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Research Profile

  • Tim is a social, economic and cultural historian of early modern Britain, and a Fellow of the Royal Historical Society. Tim co-convenes the British History in the Seventeenth-Century Seminar at the Institute of Historical Research in London and serves as BA History Programme Leader at the University of Northampton.

    • HIS1003: Early Modern Europe, 1500-1800 (level 4)
    • HIS2025: Family and Life-Cycle in Early Modern England (level 5)
    • HIS3029: Gender and Work in Early Modern England (level 6)
    • HISMO44: Exploring English Society, 1500-1750
  • Tim uses evidence from legal records, life-writings and cheap print to examine how ideas about and practices of gender affected the attitudes and experiences of women and men between the mid sixteenth and early eighteenth centuries, particularly in London, which became a major global city during the early modern period.  Tim has published on women’s work, social networks, dress and physical appearance, as well as the history of masculinity, and currently is completing his second book, which focuses on attitudes to men’s bodies in seventeenth-century England.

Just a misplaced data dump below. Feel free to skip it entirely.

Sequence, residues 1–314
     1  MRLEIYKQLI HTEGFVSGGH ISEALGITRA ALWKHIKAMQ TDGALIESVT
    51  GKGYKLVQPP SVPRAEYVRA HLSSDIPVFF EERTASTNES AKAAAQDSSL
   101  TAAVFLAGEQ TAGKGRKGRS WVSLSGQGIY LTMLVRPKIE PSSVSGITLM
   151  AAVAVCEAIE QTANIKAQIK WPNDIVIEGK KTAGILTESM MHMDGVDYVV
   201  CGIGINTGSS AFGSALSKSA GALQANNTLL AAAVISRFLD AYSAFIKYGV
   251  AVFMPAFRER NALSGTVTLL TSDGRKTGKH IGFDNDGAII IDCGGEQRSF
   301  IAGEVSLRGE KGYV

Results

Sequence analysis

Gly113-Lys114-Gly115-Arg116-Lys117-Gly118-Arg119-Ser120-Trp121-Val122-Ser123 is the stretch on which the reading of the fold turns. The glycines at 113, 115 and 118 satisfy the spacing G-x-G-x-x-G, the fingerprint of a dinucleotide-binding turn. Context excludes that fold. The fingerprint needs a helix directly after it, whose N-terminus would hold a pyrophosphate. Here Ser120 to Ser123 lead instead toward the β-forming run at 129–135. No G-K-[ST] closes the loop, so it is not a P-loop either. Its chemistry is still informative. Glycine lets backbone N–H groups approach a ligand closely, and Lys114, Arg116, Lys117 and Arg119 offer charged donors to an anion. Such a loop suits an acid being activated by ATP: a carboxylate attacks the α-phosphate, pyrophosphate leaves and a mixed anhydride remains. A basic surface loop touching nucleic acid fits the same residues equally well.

• For publications, projects, datasets, research interests and activities, view Tim Reinke-Williams’s research profile on Pure, the University of Northampton’s Research Explorer.

  • Books
    • Women, Work and Sociability in Early Modern London (Palgrave, 2014).
    Articles in Peer-Reviewed Journals
    • ‘Physical attractiveness and the female life-cycle in seventeenth-century England’, Cultural and Social History, 15:4 (2018).
    • ‘Manhood and masculinity in early modern England’, History Compass, 12:9 (2014).
    • ‘Women’s clothes and female honour in early modern London’, Continuity and Change, 26:1 (2011).
    • ‘Women, ale and company in early modern London’ in Beat Kümin (ed.), Brewing cultures in early modern towns: special edition of Brewery History, 135 (2010).
    • ‘Misogyny, jest-books and male youth culture in seventeenth-century England’, Gender and History, 21:2 (2009).